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Coronavirus in seven words

15th April 2020

If, like us, you can’t stop scrolling live updates on the coronavirus pandemic, you’ll have seen a lot of unfamiliar terms out there. The speed and complexity of this time can be overwhelming, so we’ve put together this quick guide.


Coronaviruses are a group of viruses that cause infections in the respiratory tract – particularly the nose, throat and lungs. Not all coronavirus infections cause severe symptoms, and some can be as mild as the common cold. Coronaviruses have distinct molecular spikes on their surface, which can be reminiscent of a crown, hence the name “corona”.


COVID-19 is the name for the disease caused by the new coronavirus which emerged in Wuhan, China in 2019, called SARS-CoV-2. COVID-19 causes a range of symptoms, including fever, cough and shortness of breath. Most people present with relatively mild disease, but unfortunately, some people develop more severe symptoms, including pneumonia and multiple organ failure.

Social Distancing

When experts tell you to stay away from other, it’s to reduce the number of contacts each person has with other people. This will prevent people from getting sick and overwhelming the health services which will ultimately lead to more deaths. In the UK the order is to stay 2m (6ft) away from anyone you’re not living with and to avoid gathering in large crowds.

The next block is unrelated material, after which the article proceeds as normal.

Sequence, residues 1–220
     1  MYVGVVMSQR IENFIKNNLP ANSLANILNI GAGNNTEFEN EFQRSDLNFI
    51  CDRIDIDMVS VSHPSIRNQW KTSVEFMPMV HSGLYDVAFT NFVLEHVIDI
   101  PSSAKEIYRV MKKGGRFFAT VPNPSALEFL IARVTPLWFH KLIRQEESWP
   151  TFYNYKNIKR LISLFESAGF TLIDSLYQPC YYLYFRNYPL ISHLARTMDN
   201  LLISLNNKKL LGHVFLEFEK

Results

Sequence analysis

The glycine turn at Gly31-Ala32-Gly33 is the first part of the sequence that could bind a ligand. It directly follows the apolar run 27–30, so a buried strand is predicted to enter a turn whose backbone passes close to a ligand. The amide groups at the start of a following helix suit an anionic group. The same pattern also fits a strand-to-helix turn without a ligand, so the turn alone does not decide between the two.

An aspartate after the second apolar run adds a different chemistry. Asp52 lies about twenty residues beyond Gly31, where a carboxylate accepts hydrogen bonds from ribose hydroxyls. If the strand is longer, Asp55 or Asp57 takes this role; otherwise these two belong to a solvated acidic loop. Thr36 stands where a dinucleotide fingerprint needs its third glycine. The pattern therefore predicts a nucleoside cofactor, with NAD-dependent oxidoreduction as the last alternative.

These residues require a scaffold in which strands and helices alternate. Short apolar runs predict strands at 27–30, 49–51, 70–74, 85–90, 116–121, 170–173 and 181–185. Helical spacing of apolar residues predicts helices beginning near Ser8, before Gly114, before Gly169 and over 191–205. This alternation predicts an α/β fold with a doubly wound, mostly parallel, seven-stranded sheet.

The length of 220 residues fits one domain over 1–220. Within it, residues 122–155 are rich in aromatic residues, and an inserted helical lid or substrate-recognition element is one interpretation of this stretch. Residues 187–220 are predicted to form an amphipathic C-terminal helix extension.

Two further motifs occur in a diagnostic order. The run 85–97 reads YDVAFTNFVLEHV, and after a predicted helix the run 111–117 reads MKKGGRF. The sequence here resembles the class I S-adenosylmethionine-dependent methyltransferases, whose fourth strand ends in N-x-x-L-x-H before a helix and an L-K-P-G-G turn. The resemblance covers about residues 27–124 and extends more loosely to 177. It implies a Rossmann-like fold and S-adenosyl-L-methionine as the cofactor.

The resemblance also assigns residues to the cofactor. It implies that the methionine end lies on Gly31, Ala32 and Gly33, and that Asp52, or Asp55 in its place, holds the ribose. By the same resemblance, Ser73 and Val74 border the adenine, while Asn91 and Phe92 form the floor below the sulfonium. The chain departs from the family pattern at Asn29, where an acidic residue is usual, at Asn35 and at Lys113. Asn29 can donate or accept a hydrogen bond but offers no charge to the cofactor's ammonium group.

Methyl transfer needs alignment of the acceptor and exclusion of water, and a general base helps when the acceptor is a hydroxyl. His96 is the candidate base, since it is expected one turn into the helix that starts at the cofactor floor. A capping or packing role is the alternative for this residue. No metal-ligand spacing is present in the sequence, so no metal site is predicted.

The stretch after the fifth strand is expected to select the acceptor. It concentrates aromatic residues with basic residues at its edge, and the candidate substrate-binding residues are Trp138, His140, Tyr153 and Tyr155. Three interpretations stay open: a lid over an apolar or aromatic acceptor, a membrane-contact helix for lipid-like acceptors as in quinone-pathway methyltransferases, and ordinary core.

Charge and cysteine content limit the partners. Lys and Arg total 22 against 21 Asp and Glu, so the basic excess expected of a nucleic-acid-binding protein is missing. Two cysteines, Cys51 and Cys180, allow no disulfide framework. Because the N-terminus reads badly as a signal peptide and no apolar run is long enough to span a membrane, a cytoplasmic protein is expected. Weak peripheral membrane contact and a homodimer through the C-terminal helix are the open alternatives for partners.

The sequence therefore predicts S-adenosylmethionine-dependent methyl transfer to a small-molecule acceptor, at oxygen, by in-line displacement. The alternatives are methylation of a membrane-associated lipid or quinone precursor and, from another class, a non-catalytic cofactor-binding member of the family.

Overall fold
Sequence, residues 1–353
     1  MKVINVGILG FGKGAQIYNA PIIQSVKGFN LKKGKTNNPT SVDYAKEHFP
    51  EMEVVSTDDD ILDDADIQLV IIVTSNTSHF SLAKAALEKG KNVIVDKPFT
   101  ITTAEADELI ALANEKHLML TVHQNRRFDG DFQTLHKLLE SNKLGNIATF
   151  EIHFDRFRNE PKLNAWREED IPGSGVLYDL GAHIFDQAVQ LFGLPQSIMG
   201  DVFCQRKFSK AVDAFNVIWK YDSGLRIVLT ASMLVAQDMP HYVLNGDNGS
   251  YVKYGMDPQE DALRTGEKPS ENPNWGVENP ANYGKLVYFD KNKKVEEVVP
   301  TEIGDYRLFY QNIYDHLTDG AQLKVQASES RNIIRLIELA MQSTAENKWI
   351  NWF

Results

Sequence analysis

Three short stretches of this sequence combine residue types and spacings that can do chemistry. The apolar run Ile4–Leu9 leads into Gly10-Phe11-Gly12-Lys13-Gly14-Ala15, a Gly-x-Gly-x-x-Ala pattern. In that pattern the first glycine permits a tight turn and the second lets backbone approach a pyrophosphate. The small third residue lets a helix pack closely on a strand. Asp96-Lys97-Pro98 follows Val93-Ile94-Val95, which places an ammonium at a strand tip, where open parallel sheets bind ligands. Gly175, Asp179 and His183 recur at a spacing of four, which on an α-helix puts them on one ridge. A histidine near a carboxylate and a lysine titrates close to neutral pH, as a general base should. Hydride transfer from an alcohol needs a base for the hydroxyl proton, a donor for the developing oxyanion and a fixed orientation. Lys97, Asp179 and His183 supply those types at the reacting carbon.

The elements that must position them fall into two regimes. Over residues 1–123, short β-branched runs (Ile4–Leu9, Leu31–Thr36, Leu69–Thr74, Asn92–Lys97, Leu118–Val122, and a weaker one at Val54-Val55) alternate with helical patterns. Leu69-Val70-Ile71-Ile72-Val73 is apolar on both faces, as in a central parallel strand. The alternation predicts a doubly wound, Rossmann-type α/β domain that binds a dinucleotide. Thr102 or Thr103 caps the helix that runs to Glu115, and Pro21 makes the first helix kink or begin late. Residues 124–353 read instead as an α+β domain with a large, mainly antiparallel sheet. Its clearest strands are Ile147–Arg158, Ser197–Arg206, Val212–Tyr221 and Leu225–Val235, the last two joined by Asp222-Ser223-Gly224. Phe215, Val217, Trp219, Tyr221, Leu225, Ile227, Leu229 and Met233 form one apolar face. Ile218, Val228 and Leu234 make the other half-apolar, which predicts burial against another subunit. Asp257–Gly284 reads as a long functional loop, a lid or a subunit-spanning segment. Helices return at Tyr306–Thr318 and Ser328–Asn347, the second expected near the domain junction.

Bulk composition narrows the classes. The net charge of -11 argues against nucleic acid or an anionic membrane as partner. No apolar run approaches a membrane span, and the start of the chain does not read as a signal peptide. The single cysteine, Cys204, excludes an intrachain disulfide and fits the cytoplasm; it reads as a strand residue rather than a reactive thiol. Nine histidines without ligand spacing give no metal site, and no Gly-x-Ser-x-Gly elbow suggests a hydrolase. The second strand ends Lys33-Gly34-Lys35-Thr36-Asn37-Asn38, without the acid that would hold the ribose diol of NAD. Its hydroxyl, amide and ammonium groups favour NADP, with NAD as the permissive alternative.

Quarantine is a more extreme way of stopping an infectious disease from spreading. When people are under quarantine, they are not sick, but might have been exposed to the virus. Quarantine involves isolating the person from contact with other people until we can be sure they are not infected. Quarantine differs from self-isolation, which is when people are asked to isolate themselves at home when they have started to show symptoms.


A pandemic is a disease which has spread rapidly across several continents or worldwide and infected a great number of people within a short time. It is important to remember that the word pandemic gives no indication about the severity of the disease. Historic examples of pandemics include the Black Death and the Spanish Flu.  

Flattening the curve

If you drew the number of COVID-19 cases over time on a graph, you would draw a curve that rises sharply, peaks and declines as the number of infected people drops off. Flattening the curve means to spread that initial rise over a longer period of time so the curve doesn’t rise so sharply. The idea is that there would be less people in need of medical attention at any given time, which means health systems don’t become overwhelmed. To help flatten the curve, wash your hands regularly, avoid people you don’t live with and importantly, stay at home.

Herd immunity

Herd immunity is an indirect way to protect people from getting infected with a disease. Simply put, the more people in a population that are immune to a disease, either because they have already been infected or through vaccination, the less likely it is that a “non-immune” person will get infected. This is because there are less possible connections between infected and non-infected people. Whilst on paper it sounds like it should work, every infectious disease is different, and not enough is known about COVID-19 to suggest herd immunity is the way to go.

We’re here for you. Hopefully these terms will arm you with what you need to make sense of the unrelenting news cycle. If there’s anything else you need to know, please give us a call. We are here to help you get through this together, even if it’s just a chat over a cup of tea.